The end of the world of shell companies?
On December 22, 2021, the European Commission presented a key initiative against shell companies, which are created for tax avoidance purposes. The Unshell proposal is intended to ensure that legal entities which provide neither a real product nor an actual service to customers in the European Union cannot benefit from tax benefits and do not be an unreasonable financial burden on taxpayers.
First of all, what the concept means?
A shell company is a business created to manage the financial transactions of another organization. Unlike traditional companies, shell companies do not have, for example: employees. Shell companies provide neither a real product nor an actual service to customers.
Shell companies are often used for tax planning or tax evasion purposes. Businesses move cash flows through shell companies to countries where taxes are extremely low or where taxes can be easily circumvented.
The proposed new measures set transparency standards regarding the use of shell companies. Which make it easier for tax authorities to detect abuse of right. The proposal will use three indicators to help national tax authorities detect companies that only exist on paper.
The proposal introduces a screening system for companies that fall within its scope, which must meet certain indicators. These levels of indicators form a kind of “points”. The proposal defines three aspects. If all three aspects are true for a company, it will have to report more information to the competent tax authority through its tax return.
The first aspect of the indicators looks the activities of companies based on income. The condition applies to the company if more than 75% of the company’s total revenue achieved in the previous two tax years does not come from the company’s commercial activities, or if more than 75% of its assets are real estate or other particularly valuable private assets.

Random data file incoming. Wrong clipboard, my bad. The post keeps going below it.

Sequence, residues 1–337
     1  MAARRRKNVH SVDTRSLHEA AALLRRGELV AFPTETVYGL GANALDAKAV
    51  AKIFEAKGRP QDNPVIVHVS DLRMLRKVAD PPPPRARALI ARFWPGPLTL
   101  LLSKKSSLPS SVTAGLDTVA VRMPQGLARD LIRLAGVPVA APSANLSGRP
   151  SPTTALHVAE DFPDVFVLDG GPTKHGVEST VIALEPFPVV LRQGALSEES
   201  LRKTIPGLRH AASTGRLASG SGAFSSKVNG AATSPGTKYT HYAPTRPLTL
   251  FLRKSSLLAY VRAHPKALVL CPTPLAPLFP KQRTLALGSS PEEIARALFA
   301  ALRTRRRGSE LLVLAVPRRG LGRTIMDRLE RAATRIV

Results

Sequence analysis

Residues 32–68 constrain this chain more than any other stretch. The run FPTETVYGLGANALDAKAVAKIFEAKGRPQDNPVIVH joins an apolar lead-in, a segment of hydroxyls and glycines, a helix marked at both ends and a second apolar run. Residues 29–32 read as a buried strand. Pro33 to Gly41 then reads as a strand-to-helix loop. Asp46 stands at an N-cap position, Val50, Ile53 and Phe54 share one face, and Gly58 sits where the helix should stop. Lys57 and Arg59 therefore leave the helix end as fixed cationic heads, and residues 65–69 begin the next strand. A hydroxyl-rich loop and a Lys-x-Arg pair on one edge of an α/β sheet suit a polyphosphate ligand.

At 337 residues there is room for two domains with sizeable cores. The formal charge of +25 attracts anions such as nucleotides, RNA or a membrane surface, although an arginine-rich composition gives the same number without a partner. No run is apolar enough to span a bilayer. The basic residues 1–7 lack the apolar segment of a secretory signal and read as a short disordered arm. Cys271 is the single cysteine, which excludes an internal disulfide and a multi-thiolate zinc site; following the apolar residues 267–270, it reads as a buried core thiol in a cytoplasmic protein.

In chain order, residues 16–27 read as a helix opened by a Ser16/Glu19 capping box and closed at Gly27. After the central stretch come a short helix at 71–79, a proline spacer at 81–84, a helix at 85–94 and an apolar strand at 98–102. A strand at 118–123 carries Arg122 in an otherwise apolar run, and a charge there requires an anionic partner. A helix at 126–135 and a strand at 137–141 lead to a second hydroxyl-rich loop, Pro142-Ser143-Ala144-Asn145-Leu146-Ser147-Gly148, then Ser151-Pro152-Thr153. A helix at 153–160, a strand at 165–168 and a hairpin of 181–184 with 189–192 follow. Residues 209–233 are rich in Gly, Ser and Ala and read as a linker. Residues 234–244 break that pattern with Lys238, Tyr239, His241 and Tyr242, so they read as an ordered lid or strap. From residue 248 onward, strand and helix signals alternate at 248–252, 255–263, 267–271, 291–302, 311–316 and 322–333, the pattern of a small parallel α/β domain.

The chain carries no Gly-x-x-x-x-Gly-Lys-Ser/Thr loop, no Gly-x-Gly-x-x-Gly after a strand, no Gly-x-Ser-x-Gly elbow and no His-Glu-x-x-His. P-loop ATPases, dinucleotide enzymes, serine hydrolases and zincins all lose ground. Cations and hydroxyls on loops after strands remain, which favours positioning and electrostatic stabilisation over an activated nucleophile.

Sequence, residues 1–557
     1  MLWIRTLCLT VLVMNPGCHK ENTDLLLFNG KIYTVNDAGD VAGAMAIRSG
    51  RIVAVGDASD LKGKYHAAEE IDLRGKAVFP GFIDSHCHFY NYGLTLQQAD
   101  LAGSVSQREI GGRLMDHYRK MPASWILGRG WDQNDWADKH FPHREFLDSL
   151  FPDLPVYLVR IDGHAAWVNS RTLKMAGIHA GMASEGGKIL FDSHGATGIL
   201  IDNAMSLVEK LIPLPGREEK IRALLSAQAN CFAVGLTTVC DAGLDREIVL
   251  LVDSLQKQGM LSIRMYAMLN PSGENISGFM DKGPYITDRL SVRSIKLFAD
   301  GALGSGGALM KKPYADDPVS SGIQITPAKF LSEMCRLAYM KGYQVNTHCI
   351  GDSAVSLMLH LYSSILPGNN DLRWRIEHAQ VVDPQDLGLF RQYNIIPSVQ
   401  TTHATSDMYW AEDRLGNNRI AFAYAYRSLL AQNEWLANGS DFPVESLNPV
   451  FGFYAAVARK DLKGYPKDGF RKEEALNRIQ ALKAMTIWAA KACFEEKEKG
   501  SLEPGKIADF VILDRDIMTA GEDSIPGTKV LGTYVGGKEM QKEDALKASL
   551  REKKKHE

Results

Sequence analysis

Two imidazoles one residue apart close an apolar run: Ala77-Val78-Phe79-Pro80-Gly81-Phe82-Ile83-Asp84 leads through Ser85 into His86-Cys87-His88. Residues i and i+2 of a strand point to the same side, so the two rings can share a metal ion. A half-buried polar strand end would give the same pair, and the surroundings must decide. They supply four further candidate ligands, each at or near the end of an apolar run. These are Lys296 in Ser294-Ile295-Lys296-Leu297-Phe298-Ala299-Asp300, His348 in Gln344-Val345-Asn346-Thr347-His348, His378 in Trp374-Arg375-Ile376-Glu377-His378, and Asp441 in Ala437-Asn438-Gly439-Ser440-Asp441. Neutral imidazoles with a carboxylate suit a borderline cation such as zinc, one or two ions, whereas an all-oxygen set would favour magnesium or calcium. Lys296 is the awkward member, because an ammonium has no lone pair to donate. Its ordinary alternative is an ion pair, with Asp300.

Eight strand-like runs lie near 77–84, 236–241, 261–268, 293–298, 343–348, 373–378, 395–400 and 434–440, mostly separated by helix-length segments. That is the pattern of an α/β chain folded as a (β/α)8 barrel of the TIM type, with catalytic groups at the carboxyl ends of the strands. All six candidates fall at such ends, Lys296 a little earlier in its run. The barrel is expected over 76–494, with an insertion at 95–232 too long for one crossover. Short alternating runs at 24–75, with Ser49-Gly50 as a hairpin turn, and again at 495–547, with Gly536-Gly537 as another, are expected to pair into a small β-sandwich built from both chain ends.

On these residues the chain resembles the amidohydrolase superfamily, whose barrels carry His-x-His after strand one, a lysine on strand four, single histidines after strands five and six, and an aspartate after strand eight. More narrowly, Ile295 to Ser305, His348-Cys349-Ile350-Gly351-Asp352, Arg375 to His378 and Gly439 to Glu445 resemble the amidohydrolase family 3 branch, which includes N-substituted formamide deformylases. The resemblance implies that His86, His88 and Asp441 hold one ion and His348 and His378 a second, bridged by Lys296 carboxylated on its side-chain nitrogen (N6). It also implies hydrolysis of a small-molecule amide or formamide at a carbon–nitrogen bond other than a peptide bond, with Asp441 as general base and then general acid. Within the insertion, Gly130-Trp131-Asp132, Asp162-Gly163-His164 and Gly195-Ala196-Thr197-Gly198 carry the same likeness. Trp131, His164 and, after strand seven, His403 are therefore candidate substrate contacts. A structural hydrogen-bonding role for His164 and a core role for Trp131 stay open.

The second aspect requires a cross-border element. If the company derives the majority of its income from transactions related to other jurisdictions. Or transfers this income to another company located abroad, the company moves to the next aspect.
The third aspect focuses on whether management and administration services related to the company are managed in-house or outsourced.
If all three aspects prove to be true for the company, then the company must declare in its tax return. E.g.: information about the company’s location, bank accounts, and the tax status of its directors and employees.
All statements must be supported by documents
If a company is considered a shell company, it does not have access to tax allowances and the benefits of tax treaties concluded by its Member State. The Member State in which the company has the registered headquarter either refuses the shell company to provide proof of tax identity, or the certificate issued by it states that the company is a shell company. A company classified as a shell company needs to present additional evidence. E.g.: detailed information about the commercial reason for their establishment in the given Member State and their employees.
Member States’ authorities automatically exchange information on all entities covered by the directive, regardless of whether they are shell companies or not.
Most importantly, the proposal allows Member States to request another Member State to conduct a tax audit of any entity.
The directive will enter into force on January 1, 2024.